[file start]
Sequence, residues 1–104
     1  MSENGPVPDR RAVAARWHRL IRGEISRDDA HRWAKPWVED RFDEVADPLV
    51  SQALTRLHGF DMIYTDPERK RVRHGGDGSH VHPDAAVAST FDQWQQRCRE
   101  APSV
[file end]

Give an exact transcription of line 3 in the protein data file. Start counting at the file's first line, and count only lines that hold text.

    51  SQALTRLHGF DMIYTDPERK RVRHGGDGSH VHPDAAVAST FDQWQQRCRE